There is an increasing interest in screening anti-tumor drugs in terms of their mechanism of action on cancer cells. However, revealing the mechanism of action of drugs at the cellular and molecular level provides important advantages in developing cancer treatment strategies. Recently, FTIR spectroscopy has been seen as a highly effective tool in defining the mechanism of action of drugs (11). In this study, the FTIR results we obtained with the difference spectrum, band frequency shifts and band field ratio calculations showed that flavopiridol had important effects on the nucleic acid structure and level. The downshift of the IR band originating from the phosphate group to low frequency shows that the phosphate group makes a strong H-bond (15). The band frequency shifts observed with the decrease in the amount of DNA in the flavopiridol-treated cell group and the new peak obtained reveal that the DNA has undergone structural and conformational changes as a result of the interaction of flavopiridol with DNA’s phosphate groups. The fact that flavopiridol caused changes in DNA structure in particular suggests that its lethal effect on cancer cells may be related to its interaction with DNA. In accordance with the results obtained, it has been shown that flavopiridol interacts with the DNA structure and that nucleic acids are among the possible targets of flavopiridol (26,27). In a study conducted by Bible et al. (26) in A549 human lung cancer cell line, it was revealed that flavopiridol had effects on DNA and RNA structure and synthesis. Researchers have been shown that RNA synthesis is inhibited at 500 nM flavopiridol concentrations and that it binds to DNA similar to binding to ethidium bromide and Hoechst 33258 (26). Similarly, Ray and his team used various spectroscopic and calorimetric techniques to describe the direct effect of flavopiridol on the structural and conformational changes and thermodynamic orientation of DNA (27). The team’s ATR-FTIR results showed that flavopiridol interacted with the corrugated structure of DNA (27). Collectively, all of these results emphasize that nucleic acids may be the target of flavopiridol.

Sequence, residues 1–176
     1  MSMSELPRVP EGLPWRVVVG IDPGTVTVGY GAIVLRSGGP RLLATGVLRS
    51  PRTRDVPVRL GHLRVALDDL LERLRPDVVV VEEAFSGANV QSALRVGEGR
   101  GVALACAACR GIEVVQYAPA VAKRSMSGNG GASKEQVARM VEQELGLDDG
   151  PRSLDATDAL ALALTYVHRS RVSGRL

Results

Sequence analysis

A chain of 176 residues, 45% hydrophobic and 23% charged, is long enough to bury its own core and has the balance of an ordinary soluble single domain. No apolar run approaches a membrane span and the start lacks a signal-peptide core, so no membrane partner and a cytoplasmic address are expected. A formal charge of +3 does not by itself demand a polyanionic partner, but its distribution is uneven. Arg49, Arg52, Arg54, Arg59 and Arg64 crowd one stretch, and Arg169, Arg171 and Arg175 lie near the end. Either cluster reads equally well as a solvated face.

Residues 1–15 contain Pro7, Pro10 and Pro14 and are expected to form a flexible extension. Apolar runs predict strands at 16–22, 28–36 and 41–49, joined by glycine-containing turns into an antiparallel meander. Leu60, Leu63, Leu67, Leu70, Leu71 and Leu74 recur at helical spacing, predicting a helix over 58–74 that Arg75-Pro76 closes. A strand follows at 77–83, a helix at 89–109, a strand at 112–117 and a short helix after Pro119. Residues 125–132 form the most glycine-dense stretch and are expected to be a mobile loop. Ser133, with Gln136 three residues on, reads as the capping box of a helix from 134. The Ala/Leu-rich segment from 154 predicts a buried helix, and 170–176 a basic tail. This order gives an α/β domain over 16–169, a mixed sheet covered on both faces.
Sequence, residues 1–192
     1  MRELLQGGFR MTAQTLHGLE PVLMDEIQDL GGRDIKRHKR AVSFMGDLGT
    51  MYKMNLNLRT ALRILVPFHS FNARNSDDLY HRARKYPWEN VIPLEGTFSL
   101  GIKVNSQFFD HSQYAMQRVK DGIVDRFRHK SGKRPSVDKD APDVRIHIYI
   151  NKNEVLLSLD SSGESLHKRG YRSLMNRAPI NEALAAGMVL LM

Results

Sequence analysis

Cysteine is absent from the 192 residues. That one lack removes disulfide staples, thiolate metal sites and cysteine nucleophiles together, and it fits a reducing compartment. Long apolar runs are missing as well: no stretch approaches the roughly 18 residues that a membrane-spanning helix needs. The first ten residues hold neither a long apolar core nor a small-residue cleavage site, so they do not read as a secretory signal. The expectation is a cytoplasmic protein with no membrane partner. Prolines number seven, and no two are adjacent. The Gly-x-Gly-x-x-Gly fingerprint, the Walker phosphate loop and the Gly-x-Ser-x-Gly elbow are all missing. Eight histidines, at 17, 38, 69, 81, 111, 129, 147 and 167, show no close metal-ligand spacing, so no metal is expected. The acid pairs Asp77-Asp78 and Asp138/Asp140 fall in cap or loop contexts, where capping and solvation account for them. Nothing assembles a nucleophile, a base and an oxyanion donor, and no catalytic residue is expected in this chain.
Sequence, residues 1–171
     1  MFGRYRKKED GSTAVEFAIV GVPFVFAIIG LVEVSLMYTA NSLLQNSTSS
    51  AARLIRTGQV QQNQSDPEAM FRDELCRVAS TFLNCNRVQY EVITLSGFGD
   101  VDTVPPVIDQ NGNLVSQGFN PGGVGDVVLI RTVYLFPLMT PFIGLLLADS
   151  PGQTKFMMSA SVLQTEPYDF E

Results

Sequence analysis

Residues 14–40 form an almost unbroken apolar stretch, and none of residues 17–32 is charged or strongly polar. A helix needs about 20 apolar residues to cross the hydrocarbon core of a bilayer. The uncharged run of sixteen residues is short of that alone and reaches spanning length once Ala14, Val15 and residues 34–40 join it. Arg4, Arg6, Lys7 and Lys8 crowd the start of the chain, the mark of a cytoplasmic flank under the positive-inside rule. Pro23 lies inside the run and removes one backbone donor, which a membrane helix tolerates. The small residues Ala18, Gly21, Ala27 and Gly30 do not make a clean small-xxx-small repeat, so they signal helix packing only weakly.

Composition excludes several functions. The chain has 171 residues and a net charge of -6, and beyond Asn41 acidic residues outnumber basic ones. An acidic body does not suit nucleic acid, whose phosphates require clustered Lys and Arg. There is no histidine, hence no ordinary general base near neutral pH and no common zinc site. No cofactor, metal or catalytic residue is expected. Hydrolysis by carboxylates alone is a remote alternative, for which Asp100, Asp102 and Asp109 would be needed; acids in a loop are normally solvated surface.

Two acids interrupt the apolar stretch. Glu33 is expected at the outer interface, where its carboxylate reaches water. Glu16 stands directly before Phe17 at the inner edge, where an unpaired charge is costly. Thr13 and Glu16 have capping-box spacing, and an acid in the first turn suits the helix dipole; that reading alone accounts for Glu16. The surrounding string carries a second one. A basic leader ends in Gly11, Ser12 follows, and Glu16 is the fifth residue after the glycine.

Study Limitations

Our study shows that flavopiridol is effective in breast CSCs in vitro. However, the effects of flavopiridol on breast cancer should be supported by in vivo studies.


The findings revealed that flavopiridol caused cell cycle arrest and effectively induced apoptosis. Results from the multicellular spheroid model showed that flavopiridol significantly suppressed the formation of spheroids specific for CSCs. Our FTIR findings, obtained with the difference spectrum, band area ratio and frequency shift calculations, revealed a potential view that flavopiridol interacted with the nucleic acid construct and that DNA might be the secondary target of flavopiridol. These findings obtained as a result of in vitro studies showed that flavopiridol might have a potential therapeutic value against breast CSCs. However, there is a need to support the effective roles of flavopiridol in targeting breast CSCs with in vivo and clinical studies.


Ethics Committee Approval: Ethics committee approval was not required since our study was a cell culture study.

Peer-review: Externally peer reviewed.

Authorship Contributions

Concept: E.A., G.Ö., Design: E.A., Data Collection or Processing: E.A., G.G., Analysis or Interpretation: E.A., G.G., G.Ö., Literature Search: E.A., G.G., Writing: E.A., G.G.

Conflict of Interest: No conflict of interest was declared by the authors.

Financial Disclosure: The authors declared that this study received no financial support.